Getting a good read on the U.S. fixed income market isn’t an easy task these days.
The pandemic has “impacted everybody in almost every way imaginable,” said Ignacio Sosa, director of international relationship management at DoubleLine Capital in Los Angeles, Calif.
“There are bonds that have performed extremely well and bonds that haven’t,” he said in a May 12 interview.
Bonds with the least amount of risk — such as Treasurys, mortgages explicitly guaranteed by the government, and agency mortgage-backed securities with an implicit government guarantee — have performed best, Sosa said.
“These have done very well and are generally up — in some cases quite a bit year to date — because rates are falling so dramatically,” he said.
“Since they don’t really have credit risk, you benefit from the fact that rates have fallen.”
The Fed lowered the federal funds rate to a range of 0% to 0.25% in March and has signalled it will keep it there for the foreseeable future.
The central bank has also taken unprecedented action with lending and bond purchases. The Fed said it will buy up to $750 billion in corporate bonds — including “fallen angels,” or investment-grade debt that was recently downgraded to high yield — and up to $500 billion in municipal bonds.
Sosa said the bonds for which the Fed has signalled support have performed “relatively well” after the central bank’s measures “caused a massive rally in the prices of those assets,” but that the gains are now priced in.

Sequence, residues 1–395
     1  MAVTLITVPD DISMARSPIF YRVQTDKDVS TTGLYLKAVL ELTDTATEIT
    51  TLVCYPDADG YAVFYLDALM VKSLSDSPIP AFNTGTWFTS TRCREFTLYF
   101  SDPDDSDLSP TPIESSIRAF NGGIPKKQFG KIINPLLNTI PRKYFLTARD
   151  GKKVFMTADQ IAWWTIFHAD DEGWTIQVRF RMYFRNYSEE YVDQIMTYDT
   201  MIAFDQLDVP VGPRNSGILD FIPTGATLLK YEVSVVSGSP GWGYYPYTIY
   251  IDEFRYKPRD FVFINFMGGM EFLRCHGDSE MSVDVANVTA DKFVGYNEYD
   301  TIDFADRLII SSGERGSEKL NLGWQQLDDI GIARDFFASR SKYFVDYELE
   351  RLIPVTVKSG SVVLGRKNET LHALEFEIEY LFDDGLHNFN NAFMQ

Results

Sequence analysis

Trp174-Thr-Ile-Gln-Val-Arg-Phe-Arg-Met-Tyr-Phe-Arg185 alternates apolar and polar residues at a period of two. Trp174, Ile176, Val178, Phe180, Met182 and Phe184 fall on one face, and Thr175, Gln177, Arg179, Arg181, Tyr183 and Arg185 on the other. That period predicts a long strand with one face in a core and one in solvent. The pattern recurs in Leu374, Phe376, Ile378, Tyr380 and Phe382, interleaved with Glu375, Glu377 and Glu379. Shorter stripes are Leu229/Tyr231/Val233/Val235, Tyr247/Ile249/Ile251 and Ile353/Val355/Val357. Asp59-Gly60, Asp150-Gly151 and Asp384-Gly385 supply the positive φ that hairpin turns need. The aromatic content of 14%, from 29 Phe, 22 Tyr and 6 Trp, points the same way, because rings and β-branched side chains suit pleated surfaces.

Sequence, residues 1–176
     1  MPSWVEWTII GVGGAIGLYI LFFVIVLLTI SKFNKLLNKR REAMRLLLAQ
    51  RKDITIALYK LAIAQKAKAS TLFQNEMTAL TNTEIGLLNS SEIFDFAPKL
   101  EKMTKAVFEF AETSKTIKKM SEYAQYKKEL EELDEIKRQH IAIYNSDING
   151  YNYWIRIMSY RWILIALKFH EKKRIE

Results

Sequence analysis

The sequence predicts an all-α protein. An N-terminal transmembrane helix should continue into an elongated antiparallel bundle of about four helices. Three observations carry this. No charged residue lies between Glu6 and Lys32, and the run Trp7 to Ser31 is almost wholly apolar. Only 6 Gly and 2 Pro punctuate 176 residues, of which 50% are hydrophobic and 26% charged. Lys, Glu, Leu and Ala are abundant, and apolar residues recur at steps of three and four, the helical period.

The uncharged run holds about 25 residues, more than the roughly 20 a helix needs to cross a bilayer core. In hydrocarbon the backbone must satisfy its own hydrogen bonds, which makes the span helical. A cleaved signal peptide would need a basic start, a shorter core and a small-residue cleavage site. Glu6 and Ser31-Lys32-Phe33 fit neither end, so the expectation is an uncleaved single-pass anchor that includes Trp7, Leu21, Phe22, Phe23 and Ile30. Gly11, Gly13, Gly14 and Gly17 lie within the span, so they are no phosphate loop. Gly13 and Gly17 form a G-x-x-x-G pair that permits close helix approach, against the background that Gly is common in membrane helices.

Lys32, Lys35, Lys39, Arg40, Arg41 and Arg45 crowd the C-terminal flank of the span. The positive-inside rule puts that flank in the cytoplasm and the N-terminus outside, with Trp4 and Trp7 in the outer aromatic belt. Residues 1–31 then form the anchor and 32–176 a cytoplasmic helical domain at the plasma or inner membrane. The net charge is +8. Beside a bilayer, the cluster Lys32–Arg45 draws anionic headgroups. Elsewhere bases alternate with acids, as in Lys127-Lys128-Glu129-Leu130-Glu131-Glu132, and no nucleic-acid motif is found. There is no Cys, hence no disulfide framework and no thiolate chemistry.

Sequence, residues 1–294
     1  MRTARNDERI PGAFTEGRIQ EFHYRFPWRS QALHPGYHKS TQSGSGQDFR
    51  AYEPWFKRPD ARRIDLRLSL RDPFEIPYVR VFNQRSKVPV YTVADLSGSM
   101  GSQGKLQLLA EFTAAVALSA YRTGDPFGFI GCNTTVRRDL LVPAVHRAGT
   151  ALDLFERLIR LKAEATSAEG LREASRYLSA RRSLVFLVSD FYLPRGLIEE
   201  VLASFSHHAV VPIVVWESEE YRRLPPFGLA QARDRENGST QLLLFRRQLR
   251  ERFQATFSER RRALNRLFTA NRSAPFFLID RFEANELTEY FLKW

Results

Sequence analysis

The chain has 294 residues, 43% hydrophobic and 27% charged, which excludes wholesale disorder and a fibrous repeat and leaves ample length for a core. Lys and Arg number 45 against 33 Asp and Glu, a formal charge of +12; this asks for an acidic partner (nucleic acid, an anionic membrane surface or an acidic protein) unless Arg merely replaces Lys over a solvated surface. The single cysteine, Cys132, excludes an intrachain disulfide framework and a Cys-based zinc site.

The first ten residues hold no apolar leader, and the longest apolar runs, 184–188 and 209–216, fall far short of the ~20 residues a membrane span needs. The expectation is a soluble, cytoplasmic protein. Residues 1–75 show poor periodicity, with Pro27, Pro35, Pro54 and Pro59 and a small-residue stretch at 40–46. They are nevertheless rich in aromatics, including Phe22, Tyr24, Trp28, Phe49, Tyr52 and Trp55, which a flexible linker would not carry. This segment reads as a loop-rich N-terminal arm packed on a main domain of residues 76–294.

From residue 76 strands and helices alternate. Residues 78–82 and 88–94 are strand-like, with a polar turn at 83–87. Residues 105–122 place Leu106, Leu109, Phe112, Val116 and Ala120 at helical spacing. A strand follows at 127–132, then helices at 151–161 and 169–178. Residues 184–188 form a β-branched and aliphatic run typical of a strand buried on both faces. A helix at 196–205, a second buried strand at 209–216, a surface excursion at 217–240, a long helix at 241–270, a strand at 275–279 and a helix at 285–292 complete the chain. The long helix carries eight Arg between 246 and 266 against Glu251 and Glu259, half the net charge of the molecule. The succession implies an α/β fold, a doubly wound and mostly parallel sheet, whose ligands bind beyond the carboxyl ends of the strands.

Against this backdrop, debt instruments that aren’t being supported by the Fed are trailing their peers, Sosa said.
This includes securitized debt, non-government-backed residential mortgages and commercial mortgages, and collateralized loan obligations — a security that’s backed by a pool of debt.
While many investors think the Fed’s corporate bond purchases make those assets less risky, Sosa said the recessionary economic backdrop actually makes those bonds riskier.
“Ironically, if I bifurcate the credit market into those that are supported by the government and those that are not supported by the government,” he said, he prefers the latter.
Securitized credit is “the most attractive because the prices actually reflect the uncertainty that we all have to live under,” he said. “In many cases, these securities have been priced in such a way that they are signalling dire scenarios that we don’t see.”
He and his team at DoubleLine, which manages the Renaissance Flexible Yield Fund, expect a “substantial downturn that will be worse than what people expect.”
Sosa pointed to the U.S. unemployment rate, which spiked to 14.7% in April from less than 5% a month earlier, and which he believes underestimates the total. He also believes the collapse in economic growth caused by the pandemic will be “worse than what the market is expecting” when the figures are updated at the end of May.
He and his team are examining what they own — whether that’s corporate debt or securitized credit — to assess cash flows. The goal is for those flows to continue, he said, “even if we have a very substantial downturn of the economy.”
They’re also conducting stress tests. If the underlying assets don’t perform well, “we try to get rid of them and replace them with securities that will do better,” Sosa said.
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